Tor, Aug 2001, 16.95, 480 pp.
In 1996, Jupiter's sixth moon Europa suddenly vanishes. The media plays the disappearing act for a few weeks, but as usual that fades from their blip screen as they believe the public is apathetic towards some obscure moon. Scientists come up with numerous theories, but each have gigantic holes as no one knows what really happened. Most astronomers remain astounded that a relatively large object is missing sort of like a cosmic David Copperfield making the Statue of Liberty disappear.
In Death Valley, three Texas geologists find what seems as the first error of US Geological Survey charts they have ever come across. A very large unmarked mound not shown on the maps rises from the desert. The trio agrees that there is no way that this “mountain” could have been missed. Next they find an ailing alien who needs darkness to live who bears very bad news.. How will the human race react to what appears to be an encounter of a negative kind.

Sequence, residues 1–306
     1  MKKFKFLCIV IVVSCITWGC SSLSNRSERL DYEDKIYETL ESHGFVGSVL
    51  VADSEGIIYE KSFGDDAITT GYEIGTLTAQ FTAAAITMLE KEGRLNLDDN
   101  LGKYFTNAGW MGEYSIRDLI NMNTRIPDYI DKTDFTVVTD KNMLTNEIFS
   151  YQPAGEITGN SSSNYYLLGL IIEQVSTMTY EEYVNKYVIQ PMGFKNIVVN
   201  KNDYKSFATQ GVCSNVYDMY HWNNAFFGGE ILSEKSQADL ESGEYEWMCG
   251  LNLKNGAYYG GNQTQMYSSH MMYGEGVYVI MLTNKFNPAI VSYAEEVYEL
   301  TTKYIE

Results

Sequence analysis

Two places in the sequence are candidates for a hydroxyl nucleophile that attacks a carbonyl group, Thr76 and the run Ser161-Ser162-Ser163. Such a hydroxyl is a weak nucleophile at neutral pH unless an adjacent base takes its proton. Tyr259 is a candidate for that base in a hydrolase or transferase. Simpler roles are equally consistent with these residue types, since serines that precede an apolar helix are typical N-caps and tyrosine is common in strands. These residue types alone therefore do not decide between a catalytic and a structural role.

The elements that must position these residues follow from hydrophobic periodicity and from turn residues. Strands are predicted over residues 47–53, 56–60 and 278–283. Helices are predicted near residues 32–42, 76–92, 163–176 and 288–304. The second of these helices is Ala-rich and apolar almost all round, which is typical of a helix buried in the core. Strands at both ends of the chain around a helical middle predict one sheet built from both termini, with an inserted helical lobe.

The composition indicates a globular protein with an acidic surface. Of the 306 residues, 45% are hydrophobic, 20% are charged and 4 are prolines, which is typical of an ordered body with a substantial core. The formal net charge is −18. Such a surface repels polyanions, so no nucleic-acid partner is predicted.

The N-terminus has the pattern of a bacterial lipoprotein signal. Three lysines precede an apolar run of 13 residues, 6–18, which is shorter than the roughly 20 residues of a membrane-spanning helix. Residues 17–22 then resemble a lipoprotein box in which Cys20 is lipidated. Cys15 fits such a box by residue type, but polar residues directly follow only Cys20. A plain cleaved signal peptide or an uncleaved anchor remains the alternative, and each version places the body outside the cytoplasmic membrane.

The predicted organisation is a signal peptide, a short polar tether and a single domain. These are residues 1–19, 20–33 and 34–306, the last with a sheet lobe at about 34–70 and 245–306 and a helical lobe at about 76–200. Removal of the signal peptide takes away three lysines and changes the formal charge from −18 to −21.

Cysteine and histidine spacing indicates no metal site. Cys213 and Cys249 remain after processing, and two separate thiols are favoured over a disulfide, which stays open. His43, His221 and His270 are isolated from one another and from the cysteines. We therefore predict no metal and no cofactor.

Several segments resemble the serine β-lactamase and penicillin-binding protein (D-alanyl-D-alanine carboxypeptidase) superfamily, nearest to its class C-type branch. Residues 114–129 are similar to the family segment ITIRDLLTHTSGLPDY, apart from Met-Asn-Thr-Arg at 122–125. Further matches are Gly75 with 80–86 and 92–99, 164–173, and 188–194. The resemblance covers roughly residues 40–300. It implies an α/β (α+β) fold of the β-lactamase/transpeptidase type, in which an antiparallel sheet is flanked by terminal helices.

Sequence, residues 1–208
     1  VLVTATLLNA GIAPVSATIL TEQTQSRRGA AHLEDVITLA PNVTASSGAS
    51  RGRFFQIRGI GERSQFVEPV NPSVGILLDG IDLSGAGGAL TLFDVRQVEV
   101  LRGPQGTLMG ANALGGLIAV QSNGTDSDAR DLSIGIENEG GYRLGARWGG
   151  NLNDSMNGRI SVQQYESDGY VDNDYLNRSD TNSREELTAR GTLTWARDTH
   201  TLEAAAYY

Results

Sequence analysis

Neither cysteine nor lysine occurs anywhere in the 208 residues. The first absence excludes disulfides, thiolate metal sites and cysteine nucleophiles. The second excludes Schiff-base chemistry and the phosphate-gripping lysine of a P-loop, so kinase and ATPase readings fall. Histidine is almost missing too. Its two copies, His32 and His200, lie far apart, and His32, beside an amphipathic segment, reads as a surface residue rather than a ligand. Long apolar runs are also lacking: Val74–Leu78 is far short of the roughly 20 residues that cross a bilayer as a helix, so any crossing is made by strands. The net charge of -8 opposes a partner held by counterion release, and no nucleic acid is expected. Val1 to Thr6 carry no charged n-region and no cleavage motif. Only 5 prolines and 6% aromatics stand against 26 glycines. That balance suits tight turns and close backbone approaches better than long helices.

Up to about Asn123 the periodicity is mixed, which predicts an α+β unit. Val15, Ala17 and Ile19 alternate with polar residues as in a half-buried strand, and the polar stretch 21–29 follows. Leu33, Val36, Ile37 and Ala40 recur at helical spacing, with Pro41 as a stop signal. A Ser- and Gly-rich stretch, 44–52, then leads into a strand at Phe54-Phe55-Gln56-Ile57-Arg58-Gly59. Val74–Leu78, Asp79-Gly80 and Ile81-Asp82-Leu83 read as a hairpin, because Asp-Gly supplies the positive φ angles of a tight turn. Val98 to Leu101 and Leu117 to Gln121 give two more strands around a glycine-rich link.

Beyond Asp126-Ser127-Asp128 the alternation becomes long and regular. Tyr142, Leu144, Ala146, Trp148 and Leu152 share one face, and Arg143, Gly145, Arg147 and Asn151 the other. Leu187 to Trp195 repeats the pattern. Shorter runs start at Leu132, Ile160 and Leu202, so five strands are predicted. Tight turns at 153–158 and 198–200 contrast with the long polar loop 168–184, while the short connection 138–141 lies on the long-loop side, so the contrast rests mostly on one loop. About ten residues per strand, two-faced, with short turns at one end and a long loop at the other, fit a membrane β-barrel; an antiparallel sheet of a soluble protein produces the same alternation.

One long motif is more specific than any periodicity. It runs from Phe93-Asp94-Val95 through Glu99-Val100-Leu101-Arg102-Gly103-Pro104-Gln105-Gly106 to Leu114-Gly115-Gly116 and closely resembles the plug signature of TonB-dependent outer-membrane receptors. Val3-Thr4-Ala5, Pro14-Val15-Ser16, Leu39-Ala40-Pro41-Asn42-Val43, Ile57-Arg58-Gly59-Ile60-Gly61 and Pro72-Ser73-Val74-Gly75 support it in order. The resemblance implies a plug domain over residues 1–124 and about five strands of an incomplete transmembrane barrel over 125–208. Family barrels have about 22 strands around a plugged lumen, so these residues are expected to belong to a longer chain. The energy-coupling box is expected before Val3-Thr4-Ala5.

Though THE FORGE OF GOD is well written with an engaging premise, the book falls short because talented Greg Bear never decides between a classic invasion tale and a psychological reaction plot. Instead, readers are left with pieces of both, but neither is complete. The story line is fast-paced and entertaining and fans of invasion earth novels will find overall enjoyment. However, this reviewer was left with the disappointment of feeling shorted. Exploring the different mindset of how earthlings and the aliens respond to the end days of human life would have been unique and captivatingly refreshing, something that the audience will keep expecting until the novel is finished.
This report prepared by Harriet Klausner